Ejaculations, such as are the prayers of our Saviour, and others of like brevity, i. 455.

Eli’s sons infamous example, iii. 41.

Elijah kills the prophets of Baal, iv. 71.

Encouragement given to men of dangerous principles, iv. 260.

Ends pitched upon by men, not suitable to their condition, i. 241-243.

Enemies to be loved, i. 253. ii. 293-323. And prayed for, but not trusted, i. 253. Happy, who has no enemies, much hap pier, who can pardon them, ii. 323. Bosom-enemies, the worst, iv. 460. Enmity, a restless thing, ii. 309.

England’s sins and punishments, iii. 94. English virtue and temper give way to foreign vices, iii. 155. English preaching, i. 108. English government’s mildness, iv. 244, 245. English, the apes of the French, iv. 273.

Enjoyments of this world have neither the property nor perpetuity of those that accrue from religion, i. 23, 24. They are not an end suitable to a rational nature, i. 243. They are perishing, and out of our power, iii. 367-371.

Ens and Verum in philosophy are the same, i. 96.

Enthusiasm, a phantastic pretence of intercourse with God, ii. 18 1. Enthusiasts’ mystical interpretations of scripture, iii. 416. Quicksilver or gunpowder of enthusiasm, 482. Enthusiasm commonly takes up its abode in melancholy, 483,

Envy, what it proceeds from, i. 303. Its nature, causes, and effects, iv. 102-133. Envy’s tyranny worse than Phalaris’s bull, 121. Envy compared to the eagle, in its sagacious and devouring nature, 124.

Epicurus’s opinion of good and evil, honest and dishonest, ii. 115. Epicureans scoffing at the resurrection, iii. 162.


Epistle of St. Paul to the Romans, its drift is universal, ii. 55. The 13th chapter of it the repository of the most absolute and binding precepts of allegiance, iii. 531.

Erasmus, a restorer of polite learning, iii. 467.

Erastianism’s unhappy propagation, i. 236.

Error of laying false principles, or drawing wrong consequences from right ones, i. 349. Error the madness of the mind, iii. 266. Error in the judgment proceeds from ill-disposed affections, 224-286.

Esau’s mortal grudge against Jacob, ii. 549.

Escobar the casuist suits the strictest precept to the loosest consciences, iii. 481. A patron of resistance against kings, 447.

Estates, sudden in getting, short in continuance, iii. 301.

Esteem of the world not to be depended on, ii. 164.

Eternity of the world. See Aristotle, Atheists.

Ethiopian’s skin, unchangeable, i. 284.

Eucharist in both kinds, opposed by the council of Trent, i. 327.

Events knit and linked together in a chain, ii. 556.

Evidence of sense, the clearest that naturally the mind of man can receive, i. 155.

Evil, its nature, ii. 111-121. Its way of operating upon the mind of man, 121. Evil called good, and good evil, 108 138. iv. 203-288.

Eusebius, concerning the consecration of churches, i. 191.

Examination, the great difficult work of self-examination, ii. 96.

Exchange, the alienation of one property or title for another, ii. 252.

Excuses for not being charitable, i. 279. A sinner excluded from all excuses by natural religion alone, ii. 53-79.

Examples of persons recorded in scripture, not proposed as rules of direction to live by, iv. 57. Vicious examples of persons in place and power, strong temptations to sin, 428.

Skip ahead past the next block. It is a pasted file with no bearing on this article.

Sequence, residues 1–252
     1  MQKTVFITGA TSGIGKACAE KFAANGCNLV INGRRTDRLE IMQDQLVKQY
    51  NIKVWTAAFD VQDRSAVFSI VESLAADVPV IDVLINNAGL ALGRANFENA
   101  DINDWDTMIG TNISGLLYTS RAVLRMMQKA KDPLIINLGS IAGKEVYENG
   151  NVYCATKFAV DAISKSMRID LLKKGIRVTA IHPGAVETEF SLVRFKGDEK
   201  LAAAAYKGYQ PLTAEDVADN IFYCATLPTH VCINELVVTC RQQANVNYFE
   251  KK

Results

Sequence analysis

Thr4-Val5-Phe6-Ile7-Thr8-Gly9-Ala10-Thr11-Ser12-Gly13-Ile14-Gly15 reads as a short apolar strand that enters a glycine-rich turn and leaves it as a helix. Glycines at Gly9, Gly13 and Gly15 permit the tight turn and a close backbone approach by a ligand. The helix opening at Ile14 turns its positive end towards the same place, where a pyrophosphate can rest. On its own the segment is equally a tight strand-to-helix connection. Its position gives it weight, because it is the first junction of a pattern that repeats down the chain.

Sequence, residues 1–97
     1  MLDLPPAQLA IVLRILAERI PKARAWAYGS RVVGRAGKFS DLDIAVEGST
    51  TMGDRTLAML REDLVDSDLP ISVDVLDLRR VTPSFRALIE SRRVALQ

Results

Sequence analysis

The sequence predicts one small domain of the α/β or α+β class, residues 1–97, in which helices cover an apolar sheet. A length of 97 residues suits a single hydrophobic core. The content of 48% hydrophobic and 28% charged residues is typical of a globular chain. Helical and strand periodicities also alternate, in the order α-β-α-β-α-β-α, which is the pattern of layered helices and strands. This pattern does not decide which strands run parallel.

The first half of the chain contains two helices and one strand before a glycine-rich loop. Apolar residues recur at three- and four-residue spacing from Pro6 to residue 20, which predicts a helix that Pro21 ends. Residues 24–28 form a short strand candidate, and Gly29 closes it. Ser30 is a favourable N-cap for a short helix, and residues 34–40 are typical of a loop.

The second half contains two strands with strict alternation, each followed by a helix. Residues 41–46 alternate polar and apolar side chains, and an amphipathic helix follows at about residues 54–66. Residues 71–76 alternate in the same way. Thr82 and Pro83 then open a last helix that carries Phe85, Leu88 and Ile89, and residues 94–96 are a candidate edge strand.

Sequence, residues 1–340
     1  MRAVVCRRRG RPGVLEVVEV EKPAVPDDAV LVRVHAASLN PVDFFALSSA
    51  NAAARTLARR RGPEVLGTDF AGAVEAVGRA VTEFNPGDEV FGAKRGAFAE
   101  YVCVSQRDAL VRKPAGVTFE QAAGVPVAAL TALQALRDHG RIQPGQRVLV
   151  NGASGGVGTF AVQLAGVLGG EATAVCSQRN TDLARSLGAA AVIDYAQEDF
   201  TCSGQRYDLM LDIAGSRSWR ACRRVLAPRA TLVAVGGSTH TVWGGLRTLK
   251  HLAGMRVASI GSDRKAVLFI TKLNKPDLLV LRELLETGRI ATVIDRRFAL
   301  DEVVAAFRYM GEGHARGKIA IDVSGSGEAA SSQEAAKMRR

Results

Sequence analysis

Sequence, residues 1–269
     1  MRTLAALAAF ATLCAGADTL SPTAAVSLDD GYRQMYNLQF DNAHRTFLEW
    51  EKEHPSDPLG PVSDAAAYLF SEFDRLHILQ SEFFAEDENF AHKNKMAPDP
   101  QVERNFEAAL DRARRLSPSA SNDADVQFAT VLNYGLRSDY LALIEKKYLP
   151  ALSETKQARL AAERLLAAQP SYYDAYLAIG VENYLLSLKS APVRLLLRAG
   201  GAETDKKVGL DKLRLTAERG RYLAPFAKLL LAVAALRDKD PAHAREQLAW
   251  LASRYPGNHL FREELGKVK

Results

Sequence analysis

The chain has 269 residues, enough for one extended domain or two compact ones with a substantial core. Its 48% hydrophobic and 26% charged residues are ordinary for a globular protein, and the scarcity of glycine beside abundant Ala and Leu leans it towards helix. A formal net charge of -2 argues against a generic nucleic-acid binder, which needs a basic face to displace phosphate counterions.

Expedient, or inexpedient, words of a general, indefinite signification, iv. 171.

Experience gives knowledge in all professions, i. 171, 172. It is one of the surest and best improvements of reason, i. 347.

Expression; the finding words and expressions for prayer is the business of the brain, i. 427.

External profession of a true religion, no certain ground for confidence towards God, ii. 170.

Eye, in what case a man may see more by another’s eye than his own, i. 341. Of one who lost his eye by keeping it long covered, ii. 181. What is meant by the singleness of the eye, 271. The eye is first overcome, iii. 140.

Fabricius’s impregnable integrity, ii. 180.

Faction’s proceedings against Charles I. and II. iv. 241-258. Spirit of faction in extempore harangues, i. 431. Factious men affect the title of public spirits, iv. 287.

Faith, must be not only living, but lively, ii. 93. God has given 561our faith light enough to guide, and darkness enough to exercise it, 378. Faith too mean a thing for heaven, 401. Implicit faith a great absurdity, 403. iii. 465. The whole work of man’s salvation ascribed to faith, 235. The peculiar excellency of faith not springing from sight, 498, 503. Faith consists not in a bare act of assent, but in a full choice of the will, 527. The property and nature of faith, iv. 404.

Fall, wherein consists the greatness of a fall, ii. 344, 345.

False foundations, what they are, ii. 331-338.

Falsehood, an attendant of ingratitude, i. 310. The infamous character of a false man, who shews tricks with oaths, 365.

Familists, assert the Spirit’s personal indwelling in believers, iv. 35. Henry Nicholas the father of them, iii. 480. See Antinomians.

Fanatics step to the magistracy through the ruin of the ministry, i. 99. Fanatic treachery, i. 327. Fanatic zeal against popery and superstition, ii. 171. Pretence to the gift of prophecy, 541, Fanaticism, what it is, iii. 283. Fanaticism and rebellion, the two plagues of Christendom, 392. Fanatics and papists not so opposite as they pretend, iv. 216-218.